A belated post to catch up on the October 14 opening of the RESISTERS: A Legacy of Movement From the Japanese American Incarceration at the Wing Luke Museum in Seattle. It’s certainly my kind of subject, so I’m grateful to Mikala Woodward and her team at the Wing for accepting some of my suggestions for display out of our discussions on the Citizens Advisory Committee. Some things pulled off my wall and bookshelf for this show, but keep reading to learn about one exceptional hidden gem in this exhibit.
In the hallway for the resettement era, Mikala liked the idea of featuring Seattle native John Okada’s novel. The Wing already had a copy of the 1957 Tuttle hardcover, so I loaned them my only copy of the original 1976 CARP paperback republication (with the correct blue color showing the American flag in Ichiro’s right eye) and the 2014 University of Washington Press edition.
For the story of the first Day of Remembrance, originated here in Seattle, I loaned the framed DOR poster devised by Frank Chin and signed by most of the participants, including Monica Sone. It’s the poster that hung for years in the Pioneer Square shop of David Ishii Bookseller. It hangs next to photos taken by Mizu Sugimura on that hectic morning assembling hundreds of cars and people at the old Sicks Stadium on November 25, 1978, I was tickled to see the web graphic with Mizu’s photo showing Ben Nakagawa using a bullhorn to direct traffic queueing up for the car caravan to Puyallup.
I was glad to see Shosuke Sasaki, Henry Miytake, Chuck Kato, Mike Nakata, and Ken Nakano remembered for their leadership to break through Nisei reticence and suceeed in winning support for the campaign for redress and reparations, in this iconic photo by John Esaki centering Henry’s famous flip-charts, the PowerPoint of the 1970s.
For the second DOR in Portland, the first to be held in February on the anniversary of the signing of EO 9066, Gary Akiyama took this photo of people eager to sign the “Open Letter to Hayakawa,” also ghostwritten by Frank Chin, and donate $5 or more to have the ad published in the Washington Post in May 1979.
When we brainstromed on the Citizens Advisory Committee about paintings to display, I’ve always advocated for two especially strong images from the period. The first, Disney artist Gene Sogioka’s “Poston Strike Rally,” captures the turmoil of those first months in the WRA camps. I was impressed The Wing could secure permisison from the Sogioka family and Cornell University.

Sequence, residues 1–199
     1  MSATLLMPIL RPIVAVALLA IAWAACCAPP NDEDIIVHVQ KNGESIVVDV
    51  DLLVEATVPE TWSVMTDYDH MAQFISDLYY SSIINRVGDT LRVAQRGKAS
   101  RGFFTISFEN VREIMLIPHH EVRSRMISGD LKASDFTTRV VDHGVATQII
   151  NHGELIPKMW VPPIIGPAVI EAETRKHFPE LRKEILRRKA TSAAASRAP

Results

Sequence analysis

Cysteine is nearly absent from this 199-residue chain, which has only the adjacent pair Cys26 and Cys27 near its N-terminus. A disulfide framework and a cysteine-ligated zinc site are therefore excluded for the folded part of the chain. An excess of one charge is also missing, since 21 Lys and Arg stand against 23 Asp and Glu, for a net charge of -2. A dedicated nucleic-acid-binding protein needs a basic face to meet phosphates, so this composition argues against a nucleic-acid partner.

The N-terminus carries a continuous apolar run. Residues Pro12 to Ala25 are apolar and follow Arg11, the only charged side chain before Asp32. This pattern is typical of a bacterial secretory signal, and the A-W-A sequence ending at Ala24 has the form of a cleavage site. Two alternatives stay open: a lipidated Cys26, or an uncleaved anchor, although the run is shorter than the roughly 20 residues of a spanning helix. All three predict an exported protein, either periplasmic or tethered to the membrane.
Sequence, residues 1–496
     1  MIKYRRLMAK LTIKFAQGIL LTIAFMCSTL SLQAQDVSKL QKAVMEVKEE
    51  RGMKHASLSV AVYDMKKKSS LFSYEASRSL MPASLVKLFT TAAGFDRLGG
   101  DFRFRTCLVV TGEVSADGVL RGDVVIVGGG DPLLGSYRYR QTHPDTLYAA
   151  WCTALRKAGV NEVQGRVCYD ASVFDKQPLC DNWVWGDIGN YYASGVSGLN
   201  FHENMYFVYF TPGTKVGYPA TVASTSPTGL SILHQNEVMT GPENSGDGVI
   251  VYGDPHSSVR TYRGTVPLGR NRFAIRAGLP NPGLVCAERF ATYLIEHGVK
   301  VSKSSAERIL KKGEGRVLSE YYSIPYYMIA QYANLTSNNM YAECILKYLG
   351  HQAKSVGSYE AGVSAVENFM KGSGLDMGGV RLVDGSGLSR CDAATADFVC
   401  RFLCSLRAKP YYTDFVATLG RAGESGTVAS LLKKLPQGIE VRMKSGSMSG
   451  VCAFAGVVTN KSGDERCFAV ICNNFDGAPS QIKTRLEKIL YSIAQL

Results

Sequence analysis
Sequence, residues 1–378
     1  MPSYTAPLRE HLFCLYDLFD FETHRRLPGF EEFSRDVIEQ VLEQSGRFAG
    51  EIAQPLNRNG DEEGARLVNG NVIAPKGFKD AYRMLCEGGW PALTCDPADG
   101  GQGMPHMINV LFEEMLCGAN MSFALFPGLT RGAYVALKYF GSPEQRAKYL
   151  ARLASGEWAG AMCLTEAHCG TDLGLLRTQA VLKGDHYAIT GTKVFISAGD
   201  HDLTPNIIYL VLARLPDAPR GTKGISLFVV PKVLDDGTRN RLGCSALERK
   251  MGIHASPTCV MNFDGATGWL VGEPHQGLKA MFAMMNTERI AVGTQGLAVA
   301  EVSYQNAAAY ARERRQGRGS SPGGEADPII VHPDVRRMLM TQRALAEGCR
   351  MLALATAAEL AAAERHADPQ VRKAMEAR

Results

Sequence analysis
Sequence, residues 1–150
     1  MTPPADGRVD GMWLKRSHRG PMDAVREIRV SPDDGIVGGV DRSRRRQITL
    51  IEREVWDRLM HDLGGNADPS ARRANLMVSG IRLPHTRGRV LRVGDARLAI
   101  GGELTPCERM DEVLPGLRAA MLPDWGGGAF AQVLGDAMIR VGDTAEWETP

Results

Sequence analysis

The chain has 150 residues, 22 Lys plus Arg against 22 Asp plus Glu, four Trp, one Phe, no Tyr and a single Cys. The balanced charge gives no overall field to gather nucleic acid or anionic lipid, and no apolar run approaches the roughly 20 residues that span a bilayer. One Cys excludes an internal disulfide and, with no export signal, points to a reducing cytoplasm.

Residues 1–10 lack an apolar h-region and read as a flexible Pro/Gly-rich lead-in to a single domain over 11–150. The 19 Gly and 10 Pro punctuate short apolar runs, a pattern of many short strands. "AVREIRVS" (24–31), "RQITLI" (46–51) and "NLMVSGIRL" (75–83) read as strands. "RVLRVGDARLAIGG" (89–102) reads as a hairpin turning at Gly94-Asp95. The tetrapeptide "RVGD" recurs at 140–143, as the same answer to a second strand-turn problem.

But one of the stunning accomplishments of the exhibit is the first public display of the restoration of the painting below by Henry Sugimoto, “Reverend Yamazaki was Beaten at Camp Jerome.” It’s a visceral painting that captures of the very real resentment in camp of anyone considered an inu, a dog, a collaborator, whether JACL or not. According to the caption, Father John Yamazaki was an Issei minister from Los Angeles who “at the request of camp administrators, had translated the loyalty questionnaire into Japanese.” I was pleased to see it displayed as well. Then I noticed the caption did not note it being a reproduction like the other archival works by Mine Okubo and Sogioka. It turns out the Japanese American National Museum recently secured a grant to have the painting cleaned and restored and this is the first public display of it. Take a close look at it under the light and you can see Sugimoto’s brushstorkes. It’s a real coup and congratulations to Mikala and the Wing for following through to secure the loan.
Finally, I was puzzled the moment I came in the door of the museum reception on October 15, as several people told me they “loved the cute photo of me.” I had no idea what they were talking about until i saw the hallway display on resettlement. Then I remembered Mikala had put out a call for photos showing families resettling after the camps in the 1950s. So yeah that’s me as a baby. Thanks Dad.
This covers just a fraction of the exhibit. Visit www.wingluke.org/resisters to learn more about it. You have plenty of time to catch it, as it is up through September 17, 2023 … just ahead of another Seattle milestone, the John Okada Centennial on September 22, 2023.